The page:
deepstash

Beta

How Do Work Breaks Help Your Brain? 5 Surprising Answers

Refresh and recharge your mind

  1. Walk or exercise.
  2. Connect with nature...or a streetscape.
  3. Change your environment.
  4. Have lunch or a healthy snack.
  5. Take a “power nap”.
  6. Take a few deep breaths.
  7. Daydream.
  8. Get creative like drawing or even doodling.
  9. Drink coffee (or tea). Sipping coffee can be a mindful pleasure in itself.

241 SAVES


This is a professional note extracted from an online article.

Read more efficiently

Save what inspires you

Remember anything

IDEA EXTRACTED FROM:

How Do Work Breaks Help Your Brain? 5 Surprising Answers

How Do Work Breaks Help Your Brain? 5 Surprising Answers

https://www.psychologytoday.com/intl/blog/changepower/201704/how-do-work-breaks-help-your-brain-5-surprising-answers

psychologytoday.com

4

Key Ideas

Why You Should Take Breaks

  • “Movement breaks” are essential for your physical and emotional health. A 5-minute walkabout break every hour can improve your health and well-being.
  • Breaks can prevent “decision fatigue. Decision fatigue can lead to simplistic decision-making and procrastination.
  • Breaks restore motivation, especially for long-term goals. "Deactivating and reactivating your goals allows you to stay focused."
  • Breaks increase productivity and creativity. It refreshes the mind, replenishes your mental resources, and helps you become more creative.
  • “Waking rest” helps consolidate memories and improve learning. During a rest period, it appears that the brain reviews and ingrains what it previously learned.

When Not to Take a Break

When you are in a state of “flow” it is not good to take a break.

“Flow” is characterized by complete absorption in the task, seemingly effortless concentration, and pleasure in the task itself.

Good Breaks

A “good break” will give that goal-oriented Prefrontal Cortex of yours a good rest by switching brain activity to another area.

Refresh and recharge your mind

  1. Walk or exercise.
  2. Connect with nature...or a streetscape.
  3. Change your environment.
  4. Have lunch or a healthy snack.
  5. Take a “power nap”.
  6. Take a few deep breaths.
  7. Daydream.
  8. Get creative like drawing or even doodling.
  9. Drink coffee (or tea). Sipping coffee can be a mindful pleasure in itself.

EXPLORE MORE AROUND THESE TOPICS:

SIMILAR ARTICLES & IDEAS:

Taking good breaks

This is important for your daily productivity. Good breaks can leave us feeling refreshed and energized. It can reduce mental fatigue, boost brain function and keep us on-task for extended periods....

The brain and goal management

The prefrontal cortex of the brain is mainly responsible for goal management. It orchestrates attention, working memory and other cognitive resources to help us get what we want.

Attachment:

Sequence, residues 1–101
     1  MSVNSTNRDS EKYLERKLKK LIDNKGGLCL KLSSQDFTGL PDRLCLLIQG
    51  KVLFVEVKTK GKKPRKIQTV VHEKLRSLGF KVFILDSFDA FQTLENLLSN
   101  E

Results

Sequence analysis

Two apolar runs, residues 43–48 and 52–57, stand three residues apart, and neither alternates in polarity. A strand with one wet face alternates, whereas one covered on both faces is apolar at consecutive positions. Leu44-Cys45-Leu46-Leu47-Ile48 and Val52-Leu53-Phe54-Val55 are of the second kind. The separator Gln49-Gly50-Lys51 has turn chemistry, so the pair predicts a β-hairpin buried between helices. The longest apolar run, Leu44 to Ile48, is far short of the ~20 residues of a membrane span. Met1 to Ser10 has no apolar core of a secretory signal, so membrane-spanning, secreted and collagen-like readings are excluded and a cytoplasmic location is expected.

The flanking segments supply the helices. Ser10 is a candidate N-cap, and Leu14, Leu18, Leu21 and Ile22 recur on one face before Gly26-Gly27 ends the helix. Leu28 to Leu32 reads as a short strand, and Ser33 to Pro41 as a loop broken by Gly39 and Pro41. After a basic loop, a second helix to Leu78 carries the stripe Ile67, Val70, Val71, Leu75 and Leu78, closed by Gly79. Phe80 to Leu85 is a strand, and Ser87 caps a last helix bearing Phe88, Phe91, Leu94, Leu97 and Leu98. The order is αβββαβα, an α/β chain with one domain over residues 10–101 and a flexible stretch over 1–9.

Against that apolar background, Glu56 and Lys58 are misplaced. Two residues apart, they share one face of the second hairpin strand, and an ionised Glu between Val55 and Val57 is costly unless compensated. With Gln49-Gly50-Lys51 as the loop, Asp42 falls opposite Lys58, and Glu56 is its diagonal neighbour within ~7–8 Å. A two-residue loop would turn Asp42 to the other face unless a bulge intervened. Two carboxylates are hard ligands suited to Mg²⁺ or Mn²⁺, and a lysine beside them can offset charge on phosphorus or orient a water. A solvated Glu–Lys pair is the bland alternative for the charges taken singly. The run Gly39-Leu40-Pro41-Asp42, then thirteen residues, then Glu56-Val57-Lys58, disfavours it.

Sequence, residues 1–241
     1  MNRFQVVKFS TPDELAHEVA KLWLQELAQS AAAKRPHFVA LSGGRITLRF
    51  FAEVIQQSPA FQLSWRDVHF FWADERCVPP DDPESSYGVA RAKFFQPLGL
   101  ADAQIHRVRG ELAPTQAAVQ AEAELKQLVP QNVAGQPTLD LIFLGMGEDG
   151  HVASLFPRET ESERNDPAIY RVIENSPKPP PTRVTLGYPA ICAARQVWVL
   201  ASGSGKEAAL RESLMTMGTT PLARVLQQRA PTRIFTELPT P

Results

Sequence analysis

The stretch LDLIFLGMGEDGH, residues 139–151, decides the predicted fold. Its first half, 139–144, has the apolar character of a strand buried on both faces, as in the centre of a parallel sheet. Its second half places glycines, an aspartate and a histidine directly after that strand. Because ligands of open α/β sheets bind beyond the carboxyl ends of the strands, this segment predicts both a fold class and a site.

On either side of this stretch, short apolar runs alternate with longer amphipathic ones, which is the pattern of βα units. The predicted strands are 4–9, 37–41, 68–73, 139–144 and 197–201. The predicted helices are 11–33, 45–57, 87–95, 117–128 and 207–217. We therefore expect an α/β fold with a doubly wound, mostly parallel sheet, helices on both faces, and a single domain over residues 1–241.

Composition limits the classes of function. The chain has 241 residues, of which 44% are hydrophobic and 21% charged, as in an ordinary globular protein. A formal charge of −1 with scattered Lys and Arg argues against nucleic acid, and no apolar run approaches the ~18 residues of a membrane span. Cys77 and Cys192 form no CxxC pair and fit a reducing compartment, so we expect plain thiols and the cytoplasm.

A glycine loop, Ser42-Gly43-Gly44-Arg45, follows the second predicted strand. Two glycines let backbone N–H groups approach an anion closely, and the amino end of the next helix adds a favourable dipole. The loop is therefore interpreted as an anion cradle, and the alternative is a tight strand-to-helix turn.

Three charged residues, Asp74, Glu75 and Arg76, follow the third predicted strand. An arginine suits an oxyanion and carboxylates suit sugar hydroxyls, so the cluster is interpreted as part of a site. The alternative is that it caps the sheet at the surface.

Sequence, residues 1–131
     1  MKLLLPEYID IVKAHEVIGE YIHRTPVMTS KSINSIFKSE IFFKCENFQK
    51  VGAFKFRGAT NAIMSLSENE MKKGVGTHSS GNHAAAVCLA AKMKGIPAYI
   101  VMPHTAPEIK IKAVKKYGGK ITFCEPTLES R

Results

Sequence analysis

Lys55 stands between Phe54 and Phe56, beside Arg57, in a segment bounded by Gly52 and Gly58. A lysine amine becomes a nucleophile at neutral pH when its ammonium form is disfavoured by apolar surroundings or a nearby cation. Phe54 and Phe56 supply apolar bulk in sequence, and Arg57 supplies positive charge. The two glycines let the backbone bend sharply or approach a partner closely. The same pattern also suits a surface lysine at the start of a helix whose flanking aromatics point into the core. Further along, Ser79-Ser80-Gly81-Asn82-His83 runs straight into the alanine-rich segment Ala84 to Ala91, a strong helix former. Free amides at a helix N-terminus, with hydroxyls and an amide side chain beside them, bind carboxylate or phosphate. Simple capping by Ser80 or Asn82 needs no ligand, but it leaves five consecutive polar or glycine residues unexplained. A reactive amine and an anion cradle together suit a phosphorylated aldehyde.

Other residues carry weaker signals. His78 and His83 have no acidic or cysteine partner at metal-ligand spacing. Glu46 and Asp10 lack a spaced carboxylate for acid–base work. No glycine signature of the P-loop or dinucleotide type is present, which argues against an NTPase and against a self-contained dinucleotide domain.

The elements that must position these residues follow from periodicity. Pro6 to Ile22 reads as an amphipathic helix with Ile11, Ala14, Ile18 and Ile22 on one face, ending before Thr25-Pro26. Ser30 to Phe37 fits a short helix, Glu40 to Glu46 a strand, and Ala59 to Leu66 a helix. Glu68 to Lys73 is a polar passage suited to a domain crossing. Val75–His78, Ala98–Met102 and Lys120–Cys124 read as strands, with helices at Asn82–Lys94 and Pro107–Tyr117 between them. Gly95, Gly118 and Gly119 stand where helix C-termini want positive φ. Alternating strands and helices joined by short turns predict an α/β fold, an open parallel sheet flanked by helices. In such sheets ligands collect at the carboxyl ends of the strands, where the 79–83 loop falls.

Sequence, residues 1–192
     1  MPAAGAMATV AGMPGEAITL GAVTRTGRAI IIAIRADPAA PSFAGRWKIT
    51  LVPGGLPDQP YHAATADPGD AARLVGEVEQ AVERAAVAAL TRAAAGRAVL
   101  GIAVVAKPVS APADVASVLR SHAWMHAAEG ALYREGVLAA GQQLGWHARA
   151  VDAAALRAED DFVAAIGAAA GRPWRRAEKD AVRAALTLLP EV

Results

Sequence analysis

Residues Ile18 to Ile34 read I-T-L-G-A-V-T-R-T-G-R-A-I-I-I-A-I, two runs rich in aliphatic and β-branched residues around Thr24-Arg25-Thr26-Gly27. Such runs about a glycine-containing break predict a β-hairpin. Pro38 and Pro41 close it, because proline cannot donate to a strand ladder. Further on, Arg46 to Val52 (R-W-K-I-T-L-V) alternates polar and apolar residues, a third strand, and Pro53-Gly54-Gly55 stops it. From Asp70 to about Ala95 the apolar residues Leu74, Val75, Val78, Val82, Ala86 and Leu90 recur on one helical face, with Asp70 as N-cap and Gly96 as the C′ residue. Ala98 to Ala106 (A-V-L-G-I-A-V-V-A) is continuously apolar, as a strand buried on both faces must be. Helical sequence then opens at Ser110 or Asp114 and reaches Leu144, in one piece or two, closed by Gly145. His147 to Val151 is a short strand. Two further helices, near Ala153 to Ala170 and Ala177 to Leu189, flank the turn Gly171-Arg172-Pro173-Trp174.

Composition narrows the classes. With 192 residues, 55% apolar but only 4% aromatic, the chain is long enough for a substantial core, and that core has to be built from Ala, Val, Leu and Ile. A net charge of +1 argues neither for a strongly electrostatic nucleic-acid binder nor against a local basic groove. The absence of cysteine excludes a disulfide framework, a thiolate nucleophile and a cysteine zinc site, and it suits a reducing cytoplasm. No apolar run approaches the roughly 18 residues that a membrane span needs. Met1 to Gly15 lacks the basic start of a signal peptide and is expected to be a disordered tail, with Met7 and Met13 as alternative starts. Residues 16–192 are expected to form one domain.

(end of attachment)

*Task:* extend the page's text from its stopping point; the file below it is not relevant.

For a challenging task, briefly taking our minds off the goal can renew and strengthen motivation. Doing activities that rely on different brain regions is best to restore focus.

Going Natural

Exposure to nature restores the mind. One study showed better working memory scores for people after a walk in a natural environment, but not in an urban setting.

If you are unable to go into nature, find plants, fresh air or a fish tank. Sit down, take a deep breath, and notice the details of nature. Research shows that even looking at some pictures of nature can work.

4 more ideas

Breaks keep us from getting bored

The human brain just wasn’t built for the extended focus we ask of it these days.

The fix for this unfocused condition is simple—all we need is a brief interruption (aka a break) to ge...

Breaks and brain connections

Our brains have two modes:

  • focused mode, which we use when we’re doing things like learning something new, writing or working) and 
  • diffuse mode, which is our more relaxed, daydreamy mode when we’re not thinking so hard.

The mind solves its stickiest problems while daydreaming—something you may have experienced while driving or taking a shower.

Breaks help us reevaluate our goals

When you work on a task continuously, it’s easy to lose focus and get lost in the weeds. In contrast, following a brief intermission, picking up where you left off forces you to take a few seconds to think globally about what you’re ultimately trying to achieve. 

6 more ideas

We Need Breaks
recent Apple ad celebrated entrepreneurs working so hard, they’re not able to see t...
Take A Break Every 52 Minutes

After analyzing 5.5 million daily records of how office workers are using their computer (based on what the user self-identified as “productive” work), they found that the top 10% of productive workers all worked an average of 52 minutes before taking a 17 minute break.

Distract Yourself To Recharge Your Focus

Intense focus actually makes us less focused in the long run. Instead of thinking about the problem without stop, we need to create distractions that take our attention away from the task at hand so we can come back at it with a fresh mind.

5 more ideas